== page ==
In the West, we tend to think of Medicine as something we take internally, either a liquid or a pill. However, Traditional Chinese Medicine – also known as TCM – embraces far more than just a pill or something in a bottle and includes such things as acupuncture, moxibustion, massage therapy, cupping, Chinese herbs, and more. Discover more exciting stories and facts about Medicine in our blog, where you can publish the news on your own.
Chinese herbs include leaves, roots, stems, flowers, and seeds of plants, such as cinnamon bark, ginger, ginseng, licorice, and rhubarb. However, they don’t only include parts of plants but also deer antlers, tiger bones, rhino horns, snake bile, and minerals such as arsenic, mercury, lead, and even asbestos. So the term TCM is extensive. Furthermore, TCM dates back anywhere between 2,200 and 5,000 years, depending on whose figures you believe. Whichever figure is correct, it certainly has a long history.
Yin and Yang
Most people agree that TCM is described in the earliest known written record, which is from the 3rd century BC and is called Huangdi Beijing (The Yellow Emperor’s Inner Classic). This describes the theoretical concept that still remains the basis of Chinese Medicine, which is that there are two opposing yet complementary forces in the body – and indeed in the entire universe – known as yin and yang.
The body is healthy when these two forces are balanced and in harmony. It is when they become out of balance that illness sets in. TCM seeks to restore the balance between yin and yang and bring the body back to health and well-being. Every phenomenon in the universe can be divided into yin and yang. So yin is the moon and yang the sun.
- Yin is cold – yang is hot.
- Yin is female – yang is male.
- Yin is water – yang is fire.
These concepts can undoubtedly be traced back to the Shang dynasty from 1600 BC – 1100 BC.
Qi energy flows
In addition, there is the five elements theory which maintains that everything in the universe can be broken down into wood, fire, earth, water, and metal.
According to TCM, there are twelve (or some say fourteen) meridians, or channels, in the body through which run qi, which is simply energy. When the qi is flowing freely through these meridians, which run from the skin to all the major organs, yin and yang are in balance, and the body is healthy. When yin and yang become out of balance, the qi is unable to flow as it should to the various organs, and ill health results.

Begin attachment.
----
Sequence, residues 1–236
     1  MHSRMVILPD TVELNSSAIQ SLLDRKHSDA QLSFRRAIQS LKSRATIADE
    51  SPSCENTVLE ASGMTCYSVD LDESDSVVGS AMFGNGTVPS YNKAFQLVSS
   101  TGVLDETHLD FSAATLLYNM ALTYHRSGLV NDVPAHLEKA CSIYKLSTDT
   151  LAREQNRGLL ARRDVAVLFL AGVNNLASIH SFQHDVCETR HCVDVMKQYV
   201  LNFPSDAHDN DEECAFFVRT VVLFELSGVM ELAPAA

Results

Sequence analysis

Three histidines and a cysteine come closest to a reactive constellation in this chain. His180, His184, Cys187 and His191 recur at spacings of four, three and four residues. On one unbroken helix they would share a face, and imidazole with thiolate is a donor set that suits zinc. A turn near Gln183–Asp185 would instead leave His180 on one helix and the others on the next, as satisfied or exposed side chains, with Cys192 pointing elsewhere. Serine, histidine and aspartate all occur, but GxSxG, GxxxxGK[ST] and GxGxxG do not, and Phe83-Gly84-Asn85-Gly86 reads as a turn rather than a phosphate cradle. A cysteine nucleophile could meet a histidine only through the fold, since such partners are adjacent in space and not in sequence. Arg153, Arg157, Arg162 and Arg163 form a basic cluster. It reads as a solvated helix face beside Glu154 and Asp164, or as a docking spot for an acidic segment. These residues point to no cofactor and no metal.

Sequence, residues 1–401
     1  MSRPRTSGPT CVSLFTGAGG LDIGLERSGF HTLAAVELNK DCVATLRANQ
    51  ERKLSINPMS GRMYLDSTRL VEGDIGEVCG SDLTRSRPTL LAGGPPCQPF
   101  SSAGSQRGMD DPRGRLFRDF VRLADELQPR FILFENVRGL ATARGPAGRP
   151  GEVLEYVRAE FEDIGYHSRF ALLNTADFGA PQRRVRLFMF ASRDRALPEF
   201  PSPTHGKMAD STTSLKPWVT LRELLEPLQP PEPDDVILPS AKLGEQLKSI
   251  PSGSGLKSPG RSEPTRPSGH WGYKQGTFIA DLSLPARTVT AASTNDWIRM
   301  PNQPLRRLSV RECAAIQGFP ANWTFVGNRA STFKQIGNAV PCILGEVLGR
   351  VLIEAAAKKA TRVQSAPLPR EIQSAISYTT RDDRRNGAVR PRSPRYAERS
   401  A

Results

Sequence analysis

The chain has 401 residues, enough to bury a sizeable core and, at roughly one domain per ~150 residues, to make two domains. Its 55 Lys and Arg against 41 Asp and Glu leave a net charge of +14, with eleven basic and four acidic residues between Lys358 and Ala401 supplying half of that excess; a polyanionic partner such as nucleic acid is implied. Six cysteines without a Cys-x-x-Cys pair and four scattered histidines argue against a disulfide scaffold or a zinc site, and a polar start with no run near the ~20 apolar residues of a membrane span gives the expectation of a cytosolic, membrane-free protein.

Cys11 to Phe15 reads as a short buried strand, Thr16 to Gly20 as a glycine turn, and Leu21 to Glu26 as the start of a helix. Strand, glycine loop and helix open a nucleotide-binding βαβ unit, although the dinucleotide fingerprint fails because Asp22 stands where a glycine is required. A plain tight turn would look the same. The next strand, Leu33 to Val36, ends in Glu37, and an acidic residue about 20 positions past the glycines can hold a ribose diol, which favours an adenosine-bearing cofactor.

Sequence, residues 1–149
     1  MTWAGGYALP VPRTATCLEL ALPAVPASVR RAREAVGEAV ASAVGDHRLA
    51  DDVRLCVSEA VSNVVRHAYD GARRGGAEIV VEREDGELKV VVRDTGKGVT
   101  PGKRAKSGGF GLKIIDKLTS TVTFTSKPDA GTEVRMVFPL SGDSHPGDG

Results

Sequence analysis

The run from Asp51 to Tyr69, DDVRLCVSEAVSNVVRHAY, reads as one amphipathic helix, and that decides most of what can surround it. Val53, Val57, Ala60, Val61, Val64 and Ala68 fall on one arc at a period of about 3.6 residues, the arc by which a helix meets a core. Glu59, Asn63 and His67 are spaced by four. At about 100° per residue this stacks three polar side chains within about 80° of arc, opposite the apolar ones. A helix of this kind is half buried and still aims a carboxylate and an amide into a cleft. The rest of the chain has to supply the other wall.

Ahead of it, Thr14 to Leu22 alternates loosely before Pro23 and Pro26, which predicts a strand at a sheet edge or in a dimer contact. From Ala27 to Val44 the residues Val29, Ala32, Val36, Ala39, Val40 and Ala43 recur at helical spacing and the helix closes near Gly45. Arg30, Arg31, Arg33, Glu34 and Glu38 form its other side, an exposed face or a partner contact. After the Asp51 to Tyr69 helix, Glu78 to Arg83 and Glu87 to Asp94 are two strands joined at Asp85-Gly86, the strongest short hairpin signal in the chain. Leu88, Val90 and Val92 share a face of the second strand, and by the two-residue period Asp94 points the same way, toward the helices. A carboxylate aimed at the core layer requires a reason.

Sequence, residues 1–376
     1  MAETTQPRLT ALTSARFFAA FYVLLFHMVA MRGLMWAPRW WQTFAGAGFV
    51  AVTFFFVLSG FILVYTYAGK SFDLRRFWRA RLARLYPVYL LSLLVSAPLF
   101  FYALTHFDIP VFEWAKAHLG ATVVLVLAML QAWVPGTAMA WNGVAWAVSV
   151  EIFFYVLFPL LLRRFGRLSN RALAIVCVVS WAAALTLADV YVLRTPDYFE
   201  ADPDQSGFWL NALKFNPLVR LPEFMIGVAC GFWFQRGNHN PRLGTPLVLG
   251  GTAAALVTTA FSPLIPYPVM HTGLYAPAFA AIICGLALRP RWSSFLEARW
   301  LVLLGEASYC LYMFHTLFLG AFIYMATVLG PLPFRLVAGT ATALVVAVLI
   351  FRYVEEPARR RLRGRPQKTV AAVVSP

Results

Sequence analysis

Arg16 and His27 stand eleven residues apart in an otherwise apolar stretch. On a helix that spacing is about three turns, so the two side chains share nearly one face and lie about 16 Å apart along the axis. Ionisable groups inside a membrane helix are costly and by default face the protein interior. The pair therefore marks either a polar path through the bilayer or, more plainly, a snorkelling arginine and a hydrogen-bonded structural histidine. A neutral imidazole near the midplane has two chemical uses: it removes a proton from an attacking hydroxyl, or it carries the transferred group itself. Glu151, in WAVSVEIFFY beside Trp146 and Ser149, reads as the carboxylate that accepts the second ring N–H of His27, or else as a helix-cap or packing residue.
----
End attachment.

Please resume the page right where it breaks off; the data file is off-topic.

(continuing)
Acupuncture is one of the most common ways to treat the problem. Acupuncture uses wonderful needles inserted into the skin to a depth of perhaps ½ an inch into what is known as acupuncture points along the meridians. Again, depending on who you believe, there can be 365 acupuncture points or as many as 2,000. Today, acupuncture needles are made of stainless steel for one-time use.
The acupuncturist inserts the needles into a combination of points along the meridians, depending on the particular problem the patient has. This takes some considerable time and practice to learn. The needles may also be maneuvered by hand or may have a small electrical charge attached to them in order to stimulate the acupuncture points. The acupuncture needles are usually left in place for between five and fifteen minutes.
Electroacupuncture is particularly helpful when treating neuromuscular problems. Acupuncture is also sometimes accompanied by moxibustion which is the burning of small amounts of herbs on the acupuncture points.
The whole purpose of acupuncture is to bring yin and yang back into balance and thus restore the normal flow of qi through the meridians.
Acupuncture needles are as thin as hairs and are only for one use. Most people may feel slight pain as they are inserted, but nothing severe.
However, for people with a needle phobia, the acupuncture points may be treated with acupressure, using fingers to apply pressure to the end. It may take several visits to the acupuncturist before significant improvement in the condition is seen. However, the method is highly safe when practiced by a licensed, trained acupuncturist.